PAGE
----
Thursday, April 28, 2005

Target Acquired.........


Yes, I'm a dork. I still think this mission is outrageously cool, not to mention incredibly important in terms of our understandings of the make-up of comets and the Universe in general. Plus, I don't care if you think I'm a dork. Some chicks dig dorks. Ok maybe that's pushing it. Still, I don't care.

April 27, 2005

Dolores Beasley/Erica Hupp
Headquarters, Washington
D.C. Agle
Jet Propulsion Laboratory, Pasadena, Calif.


Sixty-nine days before it gets up-close-and-personal with a comet, NASA's Deep Impact spacecraft successfully photographed its quarry, comet Tempel 1, at a distance of 39.7 million miles.

The image, the first of many comet portraits it will take over the next 10 weeks, will aid Deep Impact's navigators, engineers and scientists as they plot their final trajectory toward an Independence Day encounter.

"It is great to get a first glimpse at the comet from our spacecraft," said Deep Impact principal investigator, Dr. Michael A'Hearn of the University of Maryland, College Park, Md. "With daily observations beginning in May, Tempel 1 will become noticeably more impressive as we continue to close the gap between spacecraft and comet. What is now little more than a few pixels across will evolve by July 4 into the best, most detailed images of a comet ever taken," he added.

The ball of dirty ice and rock was detected on April 25 by Deep Impact's Medium Resolution Instrument on the very first attempt. While making the detection, the spacecraft's camera saw stars as dim as 11th visual magnitude, more than 100 times dimmer than a human can see on a clear night.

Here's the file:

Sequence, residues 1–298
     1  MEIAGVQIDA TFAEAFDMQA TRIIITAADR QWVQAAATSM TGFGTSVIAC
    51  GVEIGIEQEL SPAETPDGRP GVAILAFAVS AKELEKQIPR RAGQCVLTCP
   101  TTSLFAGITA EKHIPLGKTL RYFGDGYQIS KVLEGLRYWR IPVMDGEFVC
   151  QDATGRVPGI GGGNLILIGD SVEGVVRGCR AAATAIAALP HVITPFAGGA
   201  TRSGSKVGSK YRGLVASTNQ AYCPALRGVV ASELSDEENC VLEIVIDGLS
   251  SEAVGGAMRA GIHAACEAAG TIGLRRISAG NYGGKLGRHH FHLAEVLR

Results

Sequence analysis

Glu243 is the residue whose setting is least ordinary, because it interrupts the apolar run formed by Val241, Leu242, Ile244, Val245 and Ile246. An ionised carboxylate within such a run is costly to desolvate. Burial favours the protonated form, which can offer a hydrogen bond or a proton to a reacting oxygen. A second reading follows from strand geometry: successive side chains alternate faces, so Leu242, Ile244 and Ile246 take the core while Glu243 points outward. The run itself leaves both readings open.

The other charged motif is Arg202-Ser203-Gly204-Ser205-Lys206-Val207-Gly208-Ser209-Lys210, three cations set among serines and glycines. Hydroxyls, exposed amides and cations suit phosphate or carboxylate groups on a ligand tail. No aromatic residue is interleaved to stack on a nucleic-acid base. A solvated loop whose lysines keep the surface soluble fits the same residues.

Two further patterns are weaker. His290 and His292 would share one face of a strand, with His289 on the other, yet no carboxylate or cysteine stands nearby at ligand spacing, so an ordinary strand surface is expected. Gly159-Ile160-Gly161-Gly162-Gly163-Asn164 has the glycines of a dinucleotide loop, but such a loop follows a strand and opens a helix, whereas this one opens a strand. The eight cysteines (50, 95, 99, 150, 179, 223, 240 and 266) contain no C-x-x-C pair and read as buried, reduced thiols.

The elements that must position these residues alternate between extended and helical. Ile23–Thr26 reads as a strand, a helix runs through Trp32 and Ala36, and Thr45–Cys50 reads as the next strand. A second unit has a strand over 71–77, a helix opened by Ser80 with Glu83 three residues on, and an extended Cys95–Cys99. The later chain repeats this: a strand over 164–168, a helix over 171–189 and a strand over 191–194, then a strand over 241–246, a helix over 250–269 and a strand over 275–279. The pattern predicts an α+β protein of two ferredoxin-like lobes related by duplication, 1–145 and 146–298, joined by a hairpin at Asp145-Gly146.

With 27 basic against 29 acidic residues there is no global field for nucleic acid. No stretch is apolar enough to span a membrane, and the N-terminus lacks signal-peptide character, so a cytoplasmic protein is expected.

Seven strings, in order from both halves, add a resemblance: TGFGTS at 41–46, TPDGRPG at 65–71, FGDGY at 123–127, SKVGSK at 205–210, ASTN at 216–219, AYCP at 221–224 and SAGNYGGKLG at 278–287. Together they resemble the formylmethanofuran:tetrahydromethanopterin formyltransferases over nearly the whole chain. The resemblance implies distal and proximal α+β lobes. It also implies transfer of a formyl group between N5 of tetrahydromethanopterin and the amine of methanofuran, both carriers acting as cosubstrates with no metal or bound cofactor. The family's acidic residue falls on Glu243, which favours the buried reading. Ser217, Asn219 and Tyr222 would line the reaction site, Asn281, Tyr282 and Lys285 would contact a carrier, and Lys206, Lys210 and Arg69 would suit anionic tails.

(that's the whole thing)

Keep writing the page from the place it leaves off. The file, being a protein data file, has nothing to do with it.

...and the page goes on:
"This is the first of literally thousands of images we will take of Tempel 1 for both science and navigational purposes," said deputy program manager Keyur Patel at NASA's Jet Propulsion Laboratory, Pasadena, Calif.
"Our goal is to impact a 39 inch long spacecraft into about a 4 mile wide comet that is bearing down on it at 6.3 miles per second, while both are 83 million miles away from Earth.(read that part again-ed.) By finding the comet as early and as far away as we did is a definite aid to our navigation."

Above-Comet Tempel 1 as photographed By Deep Impact at a distance of 39.7 million miles.

For more information, go visit the Deep Impact site here.....Happy Hunting JPL, this will make for one memorable 4th of July....

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